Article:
In case you hadn’t noticed, tomorrow is Halloween and, while it is a time for tricks, treats and making fun of what’s frightening, small business owners would do well to remember that there are real fears which can threaten what they have worked so hard to build.
Running your own enterprise can give you no shortage of things to fret about — especially when it comes to legal issues. While they may not be the same as those found in haunted houses, they can still sneak up and spook you if you aren’t careful.
Here are some common small business fears and advice on how to overcome them this Halloween:
Fear 1: Failing to consult a lawyer before naming my company can lead to trouble down the road
Believe it or not, there are more than 4 million small businesses in the U.S. alone, so the odds are good one of them already has your name. Picking a name legally protected by another company can lead to legal battles that deplete resources that could be better spent on growing your business.
Even if you think you’ve done your homework and double checked your brilliant business name idea, it is always best to consult a legal professional to take preventive measures that ensures it has not been used, and then legally protect it.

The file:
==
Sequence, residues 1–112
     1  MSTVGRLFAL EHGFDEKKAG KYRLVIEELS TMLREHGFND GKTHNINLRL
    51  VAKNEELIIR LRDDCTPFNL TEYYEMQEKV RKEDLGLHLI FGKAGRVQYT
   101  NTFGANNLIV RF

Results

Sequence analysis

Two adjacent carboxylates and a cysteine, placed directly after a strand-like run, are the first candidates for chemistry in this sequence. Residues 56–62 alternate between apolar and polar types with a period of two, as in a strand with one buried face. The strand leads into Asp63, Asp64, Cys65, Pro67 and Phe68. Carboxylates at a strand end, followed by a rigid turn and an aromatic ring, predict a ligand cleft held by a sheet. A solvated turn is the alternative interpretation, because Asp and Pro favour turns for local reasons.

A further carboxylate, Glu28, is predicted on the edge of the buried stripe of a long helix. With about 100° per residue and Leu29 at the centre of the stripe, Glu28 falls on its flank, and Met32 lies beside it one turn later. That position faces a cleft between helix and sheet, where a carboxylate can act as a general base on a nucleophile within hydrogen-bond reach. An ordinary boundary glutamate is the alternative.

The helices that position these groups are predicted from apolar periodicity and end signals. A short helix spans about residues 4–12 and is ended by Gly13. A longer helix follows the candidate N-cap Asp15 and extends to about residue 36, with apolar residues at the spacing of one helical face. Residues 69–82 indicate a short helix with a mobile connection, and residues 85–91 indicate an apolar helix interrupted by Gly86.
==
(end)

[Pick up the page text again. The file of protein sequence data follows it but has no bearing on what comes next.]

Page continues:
Fear 2: Obamacare will force you to provide health insurance for employees, or face painful penalties
With all the political squabbling in Congress over the Affordable Care Act, better known as Obamacare, many small business owners have been led to believe that they will now be required to provide health insurance to their employees, or face stiff penalties. If you are part of the 97 percent of U.S. small businesses that have fewer than 50 full-time employees, then this is one fear you can forget about. The Obamacare employer mandate only applies to companies with more than 50 full-time workers.
Still qualify? Relax, the mandate does not go into effect until 2015 and businesses with over 50 full-time equivalent employees are exempt from the fee on their first 30 full-time workers.
Fear 3: Small business assets are not always protected after incorporation.
This is something you should be afraid of. Incorporating your business does not automatically void all responsibility for the assets you acquire. In many cases, you will need to co-sign and, if you default your wallet will experience its own horror story. Ever seen Texas Chainsaw Massacre?
To avoid this, be careful not to commingle funds — using company money for personal items can expose your personal assets to creditors by giving them the chance to ‘pierce the corporate veil’ and claim that your firm is really just a ‘shell’ of yourself. Make sure to school yourself on corporate formalities such as reading your bylaws and operating agreement, and follow exactly what they say. If you fail to do so, you also run the risk of creditors piercing the corporate veil and losing corporate protection.